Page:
I have now been taking injections of vitamin B12 for about three years, and, though I’ve made some gains, I continue to experience many of the POTS symptoms. The description of POTS–what it is, and what it is not (it is not anxiety)– by Dysautonomia International, is one of the best I’ve ever come across. Their site also has a comprehensive list of lifestyle adaptations for those experiencing POTS symptoms.

Dysautonomia International also has a Facebook site:

There are many POTS and dysautonomia informational and support sites on Twitter as well.


* About 5 – 10% of those in “low-normal” (200- 400) range, according to the asterisked note on my 2012 B12 lab result. As I recall, the lab was Dynacare Lab.


Be Well & B12!

tulips cinco de mayo


This photo has absolutely nothing to do with pernicious anemia or vitamin B12, but it’s 9 degrees Fahrenheit and I need a reminder what spring will hold.

Alzheimer’s Disease vs. Vitamin B12 deficiency

tGnGAment 1986

Most people have the experience of momentarily forgetting someone’s name, or a street address, or to have a word on the “tip of their tongue.” But when we know what we want to say, and the words aren’t there, or we experience confusion about simple things, it can be truly upsetting. Not being able to find the words you want to use is called “expressive aphasia,” or “anomic aphasia” and can happen after a person suffers a stroke. It can happen for other reasons too.

I experienced expressive aphasia  and anomic aphasia when I was vitamin B12 deficient. I was diagnosed with Postural Orthostatic Tachycardia Syndrome, or POTS, in 2008. But this was not the full story.

My POTS symptoms came from being vitamin B12 deficient for, most likely, decades. I finally got a diagnosis of pernicious anemia in February of 2012. Pernicious anemia prevents absorption of vitamin B12. My memory problems, aphasia, and “foggy head” still come back when my vitamin B12 level drops. Before my pernicious anemia diagnosis, I often opened my mouth to speak, and was unable to find the words I wanted.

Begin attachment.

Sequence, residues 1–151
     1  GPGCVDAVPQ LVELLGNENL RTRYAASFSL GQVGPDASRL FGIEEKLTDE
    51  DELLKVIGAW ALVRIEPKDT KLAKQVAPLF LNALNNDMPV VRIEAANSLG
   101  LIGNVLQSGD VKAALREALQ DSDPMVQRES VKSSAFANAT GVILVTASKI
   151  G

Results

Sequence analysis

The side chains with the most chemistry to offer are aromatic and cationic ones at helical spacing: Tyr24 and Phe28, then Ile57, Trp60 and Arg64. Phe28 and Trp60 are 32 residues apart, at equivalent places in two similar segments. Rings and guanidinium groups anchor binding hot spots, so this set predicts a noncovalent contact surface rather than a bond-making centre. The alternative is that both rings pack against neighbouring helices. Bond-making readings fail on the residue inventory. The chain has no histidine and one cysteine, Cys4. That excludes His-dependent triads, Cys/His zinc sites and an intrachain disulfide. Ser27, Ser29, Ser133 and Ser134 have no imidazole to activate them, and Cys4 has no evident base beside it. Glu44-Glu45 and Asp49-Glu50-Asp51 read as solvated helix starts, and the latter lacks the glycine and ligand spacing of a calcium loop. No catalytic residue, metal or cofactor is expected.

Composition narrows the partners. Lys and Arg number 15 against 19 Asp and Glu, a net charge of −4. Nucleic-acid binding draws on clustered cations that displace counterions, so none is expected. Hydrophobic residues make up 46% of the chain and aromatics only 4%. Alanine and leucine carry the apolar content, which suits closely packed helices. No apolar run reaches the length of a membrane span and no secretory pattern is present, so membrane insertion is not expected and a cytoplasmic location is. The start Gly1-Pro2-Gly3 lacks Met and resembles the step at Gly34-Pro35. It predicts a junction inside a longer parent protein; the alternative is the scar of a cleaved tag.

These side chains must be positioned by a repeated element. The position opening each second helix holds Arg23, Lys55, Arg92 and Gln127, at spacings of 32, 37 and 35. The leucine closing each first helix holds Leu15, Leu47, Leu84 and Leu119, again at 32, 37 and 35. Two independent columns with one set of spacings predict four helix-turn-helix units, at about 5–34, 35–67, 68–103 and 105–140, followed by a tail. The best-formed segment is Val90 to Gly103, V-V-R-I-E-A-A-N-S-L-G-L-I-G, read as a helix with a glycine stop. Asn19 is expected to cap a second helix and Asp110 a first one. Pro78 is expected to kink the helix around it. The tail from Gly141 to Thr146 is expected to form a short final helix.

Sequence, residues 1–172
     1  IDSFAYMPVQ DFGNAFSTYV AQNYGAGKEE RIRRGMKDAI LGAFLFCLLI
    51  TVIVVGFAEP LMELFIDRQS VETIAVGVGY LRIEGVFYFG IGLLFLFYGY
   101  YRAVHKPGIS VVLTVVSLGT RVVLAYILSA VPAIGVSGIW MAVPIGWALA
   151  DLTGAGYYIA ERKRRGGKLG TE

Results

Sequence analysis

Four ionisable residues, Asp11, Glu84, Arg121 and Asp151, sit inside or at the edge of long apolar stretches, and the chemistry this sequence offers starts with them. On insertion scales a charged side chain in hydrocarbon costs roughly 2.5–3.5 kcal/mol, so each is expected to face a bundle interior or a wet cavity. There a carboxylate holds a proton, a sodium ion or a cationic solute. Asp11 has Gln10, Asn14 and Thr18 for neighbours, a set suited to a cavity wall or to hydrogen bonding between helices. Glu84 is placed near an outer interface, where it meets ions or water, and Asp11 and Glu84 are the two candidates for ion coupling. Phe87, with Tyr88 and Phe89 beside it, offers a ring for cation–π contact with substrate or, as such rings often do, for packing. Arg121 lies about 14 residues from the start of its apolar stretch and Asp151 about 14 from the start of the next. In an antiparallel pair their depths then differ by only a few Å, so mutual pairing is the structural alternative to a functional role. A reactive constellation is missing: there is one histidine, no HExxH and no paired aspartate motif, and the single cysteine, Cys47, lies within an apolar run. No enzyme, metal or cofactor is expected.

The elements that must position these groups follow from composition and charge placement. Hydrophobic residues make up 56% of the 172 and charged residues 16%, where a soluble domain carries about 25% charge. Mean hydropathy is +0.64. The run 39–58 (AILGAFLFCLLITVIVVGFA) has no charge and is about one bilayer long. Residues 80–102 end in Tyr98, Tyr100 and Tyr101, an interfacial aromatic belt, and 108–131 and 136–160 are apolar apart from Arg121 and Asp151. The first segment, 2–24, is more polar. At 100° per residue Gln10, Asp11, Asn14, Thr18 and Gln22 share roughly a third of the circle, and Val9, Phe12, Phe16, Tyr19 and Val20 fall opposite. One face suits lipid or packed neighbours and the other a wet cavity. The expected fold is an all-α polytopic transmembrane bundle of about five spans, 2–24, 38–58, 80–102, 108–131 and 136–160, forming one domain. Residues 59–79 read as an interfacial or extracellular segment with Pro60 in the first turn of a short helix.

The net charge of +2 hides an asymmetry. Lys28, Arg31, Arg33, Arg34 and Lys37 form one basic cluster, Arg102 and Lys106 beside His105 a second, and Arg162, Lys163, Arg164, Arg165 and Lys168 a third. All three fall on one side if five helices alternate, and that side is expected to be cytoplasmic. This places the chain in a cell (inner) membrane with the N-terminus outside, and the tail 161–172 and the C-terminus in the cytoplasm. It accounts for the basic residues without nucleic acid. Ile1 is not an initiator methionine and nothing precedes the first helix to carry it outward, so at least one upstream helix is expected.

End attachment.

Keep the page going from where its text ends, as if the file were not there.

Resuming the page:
My memory issues were once so severe, I found myself standing outside of my apartment building looking at my keys, trying to remember what I was supposed to do with them, and trying to remember what they were called. It invoked a feeling of terror in me; I felt like I was losing my mind. It became commonplace for me to search for a word, and to have to substitute another word besides the one I wanted was not there. At the time, I was in my early 40s and wondered if I had early-onset Alzheimer’s Disease, or some other type of dementia. Of all of my myriad symptoms, “losing my mind” was one of the scariest. I feared there might be a grain of truth to what some doctors were telling me– doctors who diagnosed me with “somatoform disorder” (“it’s all in your head”), depression, anxiety, and “dysthymia.” The truth was that I had bone-deep fatigue, and other symptoms, the cause of which eluded doctor after doctor. However, there are psychological changes that can occur with vitamin B12 deficiency.

In their book, Could It Be B12?: An Epidemic of Misdiagnoses, authors Sally Pacholok, RN, and Jeffrey Stuart, DO, have an entire chapter devoted to troublesome symptoms that can mimic the symptoms of “normal” aging, including memory loss, forgetfulness, and signs of dementia.

According to Could It Be B12?: An Epidemic of Misdiagnoses, (pg 32) “between fifteen and forty percent of people over sixty have low serum B12 levels. This means that at least one in seven people over sixty—and possibly as many as four in ten—are at risk of suffering from nerve, brain, heart, and blood vessel damage caused by an often ‘silent’ deficiency.” The authors state there is a critical window of time in which low vitamin B12 needs to be treated, before permanent cognitive changes and damage result.

Some symptoms of low vitamin B12 which sometimes are attributed to old age include: leg pains; difficulty walking; falls; confusion; memory loss; and neuropathy. Pacholok and Stuart make a solid case that  low levels of  vitamin B12 lead to brain atrophy. They reference studies that show that low vitamin B12 levels precede Alzheimer onset, and so can be a factor in (contribute to) the development of Alzheimer’s Disease.  They state, “In 2008, an article in the [periodical] Neurology reported that low B12 causes brain atrophy (shrinkage) and is linked to the cognitive  impairment in the elderly.” Brain atrophy is associated with confirmed Alzheimer’s Disease, and so is vitamin B12 deficiency.

If you or your loved one have memory loss, depression, dementia symptoms, or any of these signs, consider that it may be an easily reversible case of vitamin B12 deficiency–easily reversible if caught in time, so do not delay in asking your doctor for a serum (blood) vitamin B12 level. Keep in mind, the US parameters for this lab have a “gray zone”, which is discussed in Could It Be B12?: An Epidemic of Misdiagnoses. Any reading below 400 pg/mL, if the patient is symptomatic, warrants follow up testing. The video by the same name covers this, as well as other important information about vitamin B12 deficiency. Vitamin B12 deficiency and pernicious anemia are far too often misdiagnosed.